Callicore.  Here is another image from our archives of the closed winged view of another living member of the genus. 

We would suggest that you search our Butterfly archives if that is not the image you recalled.  You can scroll down our home page and click on the butterfly link in the column on the left side of the page.

Letter 55 – Scotch Argus

beetle, caterpillar and butterfly
Location: Salzburg, Austria
August 9, 2011 5:21 am
I’m putting together a photo album of all the animals I come across walking with my daughter. I’d like to be able to tell her more than ”this is a bug”, and I’m hoping you can help… These were taken in Salzburg, Austria in August.
Signature: Craig Potter

Scotch Argus

Hi Craig,
We are certain that you can appreciate the amount of research that it takes to identify a single unknown species, and three requests from different families in a single email is just too much for our limited editorial staff to handle.  That could take hours. 

We decided to concentrate on your butterfly which belongs to the family Nymphalidae, the Brush Footed Butterflies, and furthermore, we knew it was a member of the tribe Satyrini, the Alpines, Arctics, Nymphs and Satyrs.  We believed it to be in the genus Erebia, the Alpines, and as you can see from this BugGuide example of the North American species, they are remarkably similar looking. 

We believe you have photographed a Scotch Argus, Erebia aethiops, which we found pictured on, however, we stopped as soon as we found a close visual match.  Eurobutterflies lists the distribution as:  “Hills of central and eastern France to Belgium and eastwards to Russia and the northern Balkans. Outlying populations in Scotland and two sites in northern England.” 

There is also this additional note that supports your August sighting:  “It emerges later in the year than most butterflies so it appears fresh when most others are worn.”  Should you be so predisposed to have an exact identification, you may want to view the other 40 members of the genus that are found on Matt Rowlings’s European Butterflies website. 

As we stated earlier, we quit when we found one that looks close, and we feel that an expert probably needs to physically examine a specimen to be certain since this information is also posted on the species page:  “Identification: The usual Erebia identification problems arise with this species. However, helpful features are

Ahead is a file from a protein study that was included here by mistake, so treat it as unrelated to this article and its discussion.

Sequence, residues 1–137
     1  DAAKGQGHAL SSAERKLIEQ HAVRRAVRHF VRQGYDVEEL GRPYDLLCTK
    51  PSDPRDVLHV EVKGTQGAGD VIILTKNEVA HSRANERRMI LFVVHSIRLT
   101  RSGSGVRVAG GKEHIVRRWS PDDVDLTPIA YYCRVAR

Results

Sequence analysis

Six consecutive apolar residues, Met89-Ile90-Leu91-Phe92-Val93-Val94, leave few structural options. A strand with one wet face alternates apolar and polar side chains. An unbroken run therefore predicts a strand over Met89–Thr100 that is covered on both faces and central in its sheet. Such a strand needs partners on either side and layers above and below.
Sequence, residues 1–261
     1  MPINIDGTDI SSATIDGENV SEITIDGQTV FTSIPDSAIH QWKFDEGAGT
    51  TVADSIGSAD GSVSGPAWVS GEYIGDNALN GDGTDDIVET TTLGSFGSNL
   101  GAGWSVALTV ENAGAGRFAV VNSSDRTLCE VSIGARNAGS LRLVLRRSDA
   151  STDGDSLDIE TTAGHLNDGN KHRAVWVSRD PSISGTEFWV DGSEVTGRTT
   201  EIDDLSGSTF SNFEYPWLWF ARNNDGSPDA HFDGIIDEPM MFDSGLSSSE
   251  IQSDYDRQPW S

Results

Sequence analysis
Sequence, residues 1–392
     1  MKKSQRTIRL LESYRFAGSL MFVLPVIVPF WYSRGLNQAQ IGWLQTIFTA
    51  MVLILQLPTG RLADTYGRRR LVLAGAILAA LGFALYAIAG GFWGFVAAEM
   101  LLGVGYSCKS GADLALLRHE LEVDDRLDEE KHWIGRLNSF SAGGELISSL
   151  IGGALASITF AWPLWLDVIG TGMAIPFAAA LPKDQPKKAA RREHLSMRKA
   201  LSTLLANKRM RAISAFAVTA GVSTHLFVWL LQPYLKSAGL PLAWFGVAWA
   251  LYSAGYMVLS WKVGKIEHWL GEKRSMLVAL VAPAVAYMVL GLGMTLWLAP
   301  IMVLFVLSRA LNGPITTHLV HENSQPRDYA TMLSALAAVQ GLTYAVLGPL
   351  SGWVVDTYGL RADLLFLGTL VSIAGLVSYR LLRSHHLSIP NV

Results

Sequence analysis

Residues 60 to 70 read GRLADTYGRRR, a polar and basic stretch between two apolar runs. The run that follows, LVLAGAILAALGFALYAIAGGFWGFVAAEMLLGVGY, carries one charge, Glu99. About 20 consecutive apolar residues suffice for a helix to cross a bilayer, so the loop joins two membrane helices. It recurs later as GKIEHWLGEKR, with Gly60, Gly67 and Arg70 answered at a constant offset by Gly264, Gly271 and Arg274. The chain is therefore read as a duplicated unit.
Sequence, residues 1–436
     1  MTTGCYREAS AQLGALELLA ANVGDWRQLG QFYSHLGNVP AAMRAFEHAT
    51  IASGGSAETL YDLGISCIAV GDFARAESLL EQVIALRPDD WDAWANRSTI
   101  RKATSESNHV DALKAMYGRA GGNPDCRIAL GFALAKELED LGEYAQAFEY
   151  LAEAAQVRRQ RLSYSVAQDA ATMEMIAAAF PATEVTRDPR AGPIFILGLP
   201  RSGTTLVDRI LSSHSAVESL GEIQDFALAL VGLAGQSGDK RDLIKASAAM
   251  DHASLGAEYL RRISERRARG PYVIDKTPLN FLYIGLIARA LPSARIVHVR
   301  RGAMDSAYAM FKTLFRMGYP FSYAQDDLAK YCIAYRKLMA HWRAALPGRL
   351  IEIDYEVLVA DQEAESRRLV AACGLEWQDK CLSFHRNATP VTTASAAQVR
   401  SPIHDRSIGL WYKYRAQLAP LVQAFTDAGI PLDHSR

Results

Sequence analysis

– underside hw broad post discal band is pale white or yellowy brown and ground colour is rich chocolate brown
– underside basal area usually distinct (especially in the female) and same colour as post discal band
– wing fringes are dull grey, in the female they are weakly chequered.
– orange markings are bright and the eye spots intense. Overall, rich colouration.
– scent brand in male distinct.”
P.S.  What you believe to be a beetle is actually a Tiger Moth in the subfamily Arctiinae.  

Letter 56 – Striped Blue Crow Caterpillar from Thailand

Subject: identify
Location: Korat.Thailand
December 4, 2016 1:46 am
Found thi caterpillar on a plant in the garden.Have not been able to identify it ,despite trying many sites.Have found one similar but not identical.
Signature: roberthai

Striped Blue Crow Caterpillar
Striped Blue Crow Caterpillar

Dear roberthai,
Based on images posted to Butterfly Circle, Fotolia and Project Noah, we feel confident that this is the Caterpillar of a Striped Blue Crow,
Euploea mulciber.  Butterflies of Singapore has a nice page detailing the life cycle of the Striped Blue Crow.  

Striped Blue Crow Caterpillar
Striped Blue Crow Caterpillar

thankyou.I dont think i ve spotted that one yet.It is certainly a cool  caterpillar.I used to collect butterflies and moths as a boy.Im 67 now
and still find them fascinating.Thankyou once again.

Letter 57 – Sword Grass Brown from Australia

Australian Butterfly
June 1, 2010
Hi again Bugman. It’s handy to have your camera around at all times: I always have difficulties getting decent photos of butterflies, but this morning, on the first winter day in Australia, I spotted this beautiful specimen on the window of our deck. Maybe it was a bit stiff because of the ‘cold’ (about 60 degrees Fahrenheit). I haven’t been able to identify it yet, so if you can, I’d be thrilled!
Sydney Australia

Sword Grass Brown

Hi Ridou,
We thought this must be a Satyr or Wood Nymph in the subfamily Satyrinae of the Brush Footed Butterfly family, so we did a web search.  We quickly found an image of the Sword Grass Brown, Tisiphone abeona, on the TrekNature website

Another posting on TrekNature has this information:  “a common medium sized butterfly of the coastal forests of south-eastern Australia. With a wingspan of 52mm and a habit of patrolling walking tracks and bush trails, this is a well-known butterfly.

They rarely fly more than 2m off the ground and are active from September to April. Their common name is related to their host plant, sword grass (Gahina sp), a tall stiff grass with razor sharp edges.

Letter 58 – The Knight: Caterpillar

Hi Daniel,
It’s me again…I came across this nasty looking caterpillar (see attached file) among the bushes & I think they belong to the species called “Lebadea Martha Parkeri” (The Knight). Just wondering if you can confirm this. Thanks once again for your valuable help. Cheers,

Hi again Eddie,
Once you had provided us with all the information, our google search was easy, but one of the first sites we found had a suspiciously familiar looking image. Sure enough, it was your exact photo. Reading the content revealed it as your web site, Living the Simple Life.

We continued to search for proof that your identification was correct, and found the The Caterpillar Gallery of the Butterfly Interest Group of Singapore which contains an image of the caterpillar of The Knight, Lebadea martha parkeri, and it looks like a match to your caterpillar, so we agree with your identification.

Letter 59 – Tourism Billboard: What’s Wrong with this Picture???

Imposter on a Poster

Read more